Hans Beck (b. 1929) is often called "The Father of Playmobil." Beck received training as a cabinetmaker but worked simultaneously on model airplanes, a product he pitched to the company geobra Brandstätter. The owner of the company, Horst Brandstätter, asked him to develop toy figures for children instead.
Beck spent three years developing what became Playmobil. Beck conducted research that allowed him to develop a toy that would not be too complex but nevertheless flexible. Playmobil hands were capable of gripping and holding objects. The toy, at 7.5 cm, would also fit in a child's hand and its facial design would be based on children's drawings (large head, big smile, no nose). "I would put the little figures in their hands without saying anything about what they were," Beck remarked. "They accepted them right away....They invented little scenarios for them. They never grew tired of playing with them.
Earlier figures had arms of one piece and another piece for the legs. Later sets allow hand rotation and independent leg and foot movement.
The 1973 oil crisis made it possible for Playmobil to be considered a viable product. Rising oil prices imposed on Geobra Brandstätter, for whom Beck worked as Head of Development, demanded that the company turn to products that required less solid plastic material (during the 1960s, the company had been producing hoola-hoops and large plastic toys).
In 1974, the company put the series on show in its display rooms. Initial visitors were reluctant to accept the toy. Nevertheless, the toy was shown at the International Toy Fair in Nuremberg, which was taking place that same year. The toy remained popular with children. A Dutch firm subsequently agreed to buy a whole year's production.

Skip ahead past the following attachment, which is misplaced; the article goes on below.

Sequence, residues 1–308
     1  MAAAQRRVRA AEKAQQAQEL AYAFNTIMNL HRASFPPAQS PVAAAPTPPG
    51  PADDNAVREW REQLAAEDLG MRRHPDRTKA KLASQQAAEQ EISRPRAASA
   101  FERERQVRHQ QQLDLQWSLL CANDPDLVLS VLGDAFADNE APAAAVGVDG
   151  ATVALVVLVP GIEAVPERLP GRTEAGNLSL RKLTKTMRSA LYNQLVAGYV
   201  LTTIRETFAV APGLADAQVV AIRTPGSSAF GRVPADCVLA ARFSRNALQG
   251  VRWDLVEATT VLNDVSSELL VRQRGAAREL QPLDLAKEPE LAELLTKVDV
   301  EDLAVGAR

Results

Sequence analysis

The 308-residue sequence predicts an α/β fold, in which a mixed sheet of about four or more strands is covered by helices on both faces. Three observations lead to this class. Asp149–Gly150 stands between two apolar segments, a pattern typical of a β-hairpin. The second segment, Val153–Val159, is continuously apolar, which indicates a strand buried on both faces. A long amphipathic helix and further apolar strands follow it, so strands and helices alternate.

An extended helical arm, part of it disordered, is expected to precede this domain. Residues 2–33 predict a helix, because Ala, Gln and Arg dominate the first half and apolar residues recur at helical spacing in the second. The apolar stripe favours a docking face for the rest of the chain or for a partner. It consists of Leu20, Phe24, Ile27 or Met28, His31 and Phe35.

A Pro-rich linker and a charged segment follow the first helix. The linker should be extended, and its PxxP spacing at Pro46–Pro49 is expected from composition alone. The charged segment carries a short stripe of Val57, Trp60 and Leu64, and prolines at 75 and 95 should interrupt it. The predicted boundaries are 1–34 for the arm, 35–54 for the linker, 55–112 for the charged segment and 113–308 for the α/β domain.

Playmobil began to be sold worldwide in 1975.
Playmobil pop-up books, in which buildings and settings corresponded to the height of actual Playmobil figures, were sold for a time, as well as a series of comic books, coloring books, and puzzles.
Playmobil has been a successful toy line for more than 25 years and they have been a major competitor to Lego toys. Examples of directly competing toys in both their product line are not hard to find. Within the limitations of the Playmobil toy world, the Playmobil toys are usually realistic, and present accurate representations of arms, armor, costumes, and tools from a recognizable time period. Especially notable for a fine attention to detail are the modern construction and city life toys (cars, cranes, fire-engines, trains, boats, etc.).
Playmobil toys are specifically aimed at children from the ages of six to twelve. The company believes that older children tend not to play with these types of toys and so it has resisted creating toys from other, less well known, historical time periods. However, many adults own or collect Playmobil and make movies with the toys.
What's it worth? Take a look at this Playmobil price guide: sold listings for a value indication.